Good, solid expositions of this chapter often bring us to see how all mankind is united and represented in one man, Adam, at the first and then again in one man, Christ, the second head of the race. But have we seen how much Paul’s purpose here is tied to bringing the Jew and Gentile into one and the same position in relation to the gospel? Or does this focus upon the coming in of the law again take us by surprise? This focus on the law was already present back in verses 13-14, as we saw. This is not a new turn. It has been in Paul’s mind and purpose to begin with. He has been thinking in terms of proving to the Jew that he is equally under these truths as are all other men.
The fact that Christ is the only source of moral and spiritual renovation unto true life, for Jew and Gentile alike, brings us to the second prong of the argument focused upon the Jew in this section. Not only is the Jew equally under Adam’s condemnation of death as all the rest of the world is, but he also is just as needy and without remedy as the rest of the world. He needs Christ to renew him within and bring him life.
The Jew might respond to this by declaring that he has in the law the means of moral renovation, but Paul knows far better, and he will show it to us. He knows the reality of what is the purpose of the law and also what is its actual effect in a man’s life. He states here at the close of this chapter that the law did not enter in to bring life to a dead world. The law came in to cause the trespass to increase. Yet, this only made the true way of renovation to spiritual life all the more necessary and all the more effective after all; the grace found in Christ unto eternal life has more than enough power even to overcome the greater sin brought about by the law.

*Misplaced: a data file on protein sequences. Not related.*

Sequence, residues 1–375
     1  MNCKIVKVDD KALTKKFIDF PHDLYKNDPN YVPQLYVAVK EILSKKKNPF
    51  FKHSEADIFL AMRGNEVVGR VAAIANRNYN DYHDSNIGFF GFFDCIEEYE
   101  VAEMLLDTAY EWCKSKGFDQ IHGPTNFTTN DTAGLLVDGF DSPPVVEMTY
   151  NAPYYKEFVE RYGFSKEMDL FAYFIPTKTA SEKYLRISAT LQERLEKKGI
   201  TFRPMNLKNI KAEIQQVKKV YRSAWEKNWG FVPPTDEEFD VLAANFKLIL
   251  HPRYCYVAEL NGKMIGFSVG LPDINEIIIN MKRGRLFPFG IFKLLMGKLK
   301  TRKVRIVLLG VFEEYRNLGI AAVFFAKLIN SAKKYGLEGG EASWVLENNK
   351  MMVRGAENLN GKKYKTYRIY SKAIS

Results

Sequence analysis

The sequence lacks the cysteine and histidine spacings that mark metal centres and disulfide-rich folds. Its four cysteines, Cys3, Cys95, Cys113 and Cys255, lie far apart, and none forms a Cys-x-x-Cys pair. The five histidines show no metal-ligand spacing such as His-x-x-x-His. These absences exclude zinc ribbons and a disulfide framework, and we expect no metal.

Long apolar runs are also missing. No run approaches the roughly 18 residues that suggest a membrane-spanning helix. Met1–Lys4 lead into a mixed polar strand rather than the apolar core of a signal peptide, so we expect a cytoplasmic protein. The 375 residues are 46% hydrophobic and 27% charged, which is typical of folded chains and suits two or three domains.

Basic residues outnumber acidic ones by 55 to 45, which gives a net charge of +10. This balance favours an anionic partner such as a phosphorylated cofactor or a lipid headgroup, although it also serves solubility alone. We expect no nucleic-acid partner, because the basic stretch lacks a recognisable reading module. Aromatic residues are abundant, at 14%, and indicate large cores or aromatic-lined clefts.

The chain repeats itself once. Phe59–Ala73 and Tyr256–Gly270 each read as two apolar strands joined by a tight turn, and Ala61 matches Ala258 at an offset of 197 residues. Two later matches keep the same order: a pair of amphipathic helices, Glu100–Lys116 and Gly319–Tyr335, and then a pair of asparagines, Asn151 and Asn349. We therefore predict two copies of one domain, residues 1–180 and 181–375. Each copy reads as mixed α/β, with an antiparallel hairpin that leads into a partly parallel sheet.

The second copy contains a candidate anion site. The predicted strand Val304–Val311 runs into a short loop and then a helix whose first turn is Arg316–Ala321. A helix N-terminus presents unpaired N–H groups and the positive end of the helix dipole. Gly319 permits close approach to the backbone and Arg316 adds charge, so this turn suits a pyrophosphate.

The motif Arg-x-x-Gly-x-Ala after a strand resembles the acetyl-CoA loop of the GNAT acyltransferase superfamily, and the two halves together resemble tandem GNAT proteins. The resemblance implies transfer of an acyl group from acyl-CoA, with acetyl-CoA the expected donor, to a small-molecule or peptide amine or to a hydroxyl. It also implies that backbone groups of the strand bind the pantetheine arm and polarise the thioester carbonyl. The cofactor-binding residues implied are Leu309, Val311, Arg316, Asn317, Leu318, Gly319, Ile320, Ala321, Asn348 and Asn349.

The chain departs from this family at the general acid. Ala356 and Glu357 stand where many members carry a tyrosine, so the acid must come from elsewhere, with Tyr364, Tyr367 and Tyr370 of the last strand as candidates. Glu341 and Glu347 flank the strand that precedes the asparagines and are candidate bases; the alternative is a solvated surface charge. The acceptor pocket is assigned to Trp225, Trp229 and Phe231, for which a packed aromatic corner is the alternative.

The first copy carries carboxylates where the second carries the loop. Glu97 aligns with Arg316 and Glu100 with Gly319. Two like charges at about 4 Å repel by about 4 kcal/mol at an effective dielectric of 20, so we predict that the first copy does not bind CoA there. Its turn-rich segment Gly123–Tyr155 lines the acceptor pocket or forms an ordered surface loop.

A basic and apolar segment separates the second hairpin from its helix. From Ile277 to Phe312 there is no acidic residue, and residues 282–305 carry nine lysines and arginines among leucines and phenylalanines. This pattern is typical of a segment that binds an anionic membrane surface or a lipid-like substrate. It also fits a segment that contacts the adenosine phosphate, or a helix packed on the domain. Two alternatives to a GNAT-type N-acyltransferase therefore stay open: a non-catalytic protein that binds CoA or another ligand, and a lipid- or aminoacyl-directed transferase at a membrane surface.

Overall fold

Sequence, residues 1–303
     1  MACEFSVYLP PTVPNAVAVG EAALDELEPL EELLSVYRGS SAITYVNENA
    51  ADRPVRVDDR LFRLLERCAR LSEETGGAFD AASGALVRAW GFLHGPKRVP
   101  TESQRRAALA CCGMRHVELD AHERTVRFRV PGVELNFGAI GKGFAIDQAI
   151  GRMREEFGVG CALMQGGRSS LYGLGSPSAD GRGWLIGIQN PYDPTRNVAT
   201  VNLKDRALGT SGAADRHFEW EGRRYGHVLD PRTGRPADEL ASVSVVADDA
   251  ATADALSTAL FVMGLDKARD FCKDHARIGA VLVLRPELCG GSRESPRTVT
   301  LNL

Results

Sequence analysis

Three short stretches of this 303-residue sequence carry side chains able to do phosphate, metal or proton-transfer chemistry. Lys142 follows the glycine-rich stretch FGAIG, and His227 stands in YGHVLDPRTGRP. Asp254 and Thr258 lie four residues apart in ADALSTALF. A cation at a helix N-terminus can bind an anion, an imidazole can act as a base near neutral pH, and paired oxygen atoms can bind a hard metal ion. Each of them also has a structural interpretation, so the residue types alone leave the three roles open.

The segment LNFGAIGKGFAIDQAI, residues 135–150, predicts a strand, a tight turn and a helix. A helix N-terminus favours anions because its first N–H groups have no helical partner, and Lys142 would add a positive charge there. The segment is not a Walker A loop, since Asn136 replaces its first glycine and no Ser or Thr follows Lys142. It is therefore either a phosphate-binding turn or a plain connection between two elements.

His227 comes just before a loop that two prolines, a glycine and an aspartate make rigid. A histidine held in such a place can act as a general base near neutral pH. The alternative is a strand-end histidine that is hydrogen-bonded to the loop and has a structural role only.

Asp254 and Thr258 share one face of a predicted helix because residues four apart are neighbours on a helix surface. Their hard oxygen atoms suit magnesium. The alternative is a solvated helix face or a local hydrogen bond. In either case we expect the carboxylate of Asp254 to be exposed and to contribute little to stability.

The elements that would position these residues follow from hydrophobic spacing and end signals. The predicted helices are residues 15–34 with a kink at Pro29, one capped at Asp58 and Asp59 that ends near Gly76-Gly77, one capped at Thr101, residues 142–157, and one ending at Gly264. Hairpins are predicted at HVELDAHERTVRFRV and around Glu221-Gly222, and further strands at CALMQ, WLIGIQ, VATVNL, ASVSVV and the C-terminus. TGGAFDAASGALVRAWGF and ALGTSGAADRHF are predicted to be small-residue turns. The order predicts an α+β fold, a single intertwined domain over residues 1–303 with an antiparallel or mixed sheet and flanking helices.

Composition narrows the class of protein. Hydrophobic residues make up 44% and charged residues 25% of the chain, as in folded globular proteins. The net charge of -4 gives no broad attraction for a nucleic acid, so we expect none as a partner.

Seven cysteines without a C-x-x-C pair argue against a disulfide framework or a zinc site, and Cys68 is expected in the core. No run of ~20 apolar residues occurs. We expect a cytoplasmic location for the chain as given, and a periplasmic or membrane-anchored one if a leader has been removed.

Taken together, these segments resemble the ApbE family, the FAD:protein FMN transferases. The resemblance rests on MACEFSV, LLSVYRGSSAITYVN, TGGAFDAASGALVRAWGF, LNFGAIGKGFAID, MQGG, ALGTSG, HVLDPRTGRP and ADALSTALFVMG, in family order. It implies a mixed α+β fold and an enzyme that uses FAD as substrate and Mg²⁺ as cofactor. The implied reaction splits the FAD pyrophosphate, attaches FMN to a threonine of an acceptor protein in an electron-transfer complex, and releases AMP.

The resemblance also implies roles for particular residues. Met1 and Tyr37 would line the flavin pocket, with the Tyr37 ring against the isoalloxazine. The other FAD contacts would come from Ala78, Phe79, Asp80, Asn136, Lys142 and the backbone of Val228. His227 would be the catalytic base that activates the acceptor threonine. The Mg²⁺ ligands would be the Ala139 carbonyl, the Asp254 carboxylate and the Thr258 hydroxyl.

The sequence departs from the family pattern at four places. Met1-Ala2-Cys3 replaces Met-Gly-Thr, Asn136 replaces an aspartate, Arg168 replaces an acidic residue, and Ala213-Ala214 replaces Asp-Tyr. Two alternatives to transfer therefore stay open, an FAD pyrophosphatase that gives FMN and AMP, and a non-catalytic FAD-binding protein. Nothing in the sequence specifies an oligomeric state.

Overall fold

This will be a large point to prove to the Jew, for Paul has just asserted that the law actually causes more sin rather than providing a remedy for sin in a man’s life. This is in flat contradiction of the Jew’s hope and boast. The Jew would make his claim to the hope of eternal life to rest upon the fact that God has granted him the only necessary and only extant means of guiding him in the holy life, the law. Paul says that the situation is exactly the opposite.
As Paul begins his large argument that will span most of the next three chapters, he will deal with these great matters of death and life, of sin and righteousness in the life of men. He will be dealing with the experience of a man who passes out of the corruption of death that he has inherited from Adam and into the renewed and sanctified life that he receives from Christ.
As he does so, the law will be taking a prominent place in view. Though at times it will be in the background and only be seen in a reference here and there (showing that it has never passed wholly out of view, of course), it will at other times again take center stage in the discussion. The next three chapters show us how a man can pass from death to life, how he can find a true salvation and remedy for this corruption that is the natural experience of all men born since Adam. And the answer, Paul is concerned to emphasize plainly, is not in the law, but is found alone in our Lord Jesus Christ. He alone provides the cure for the ills of the world.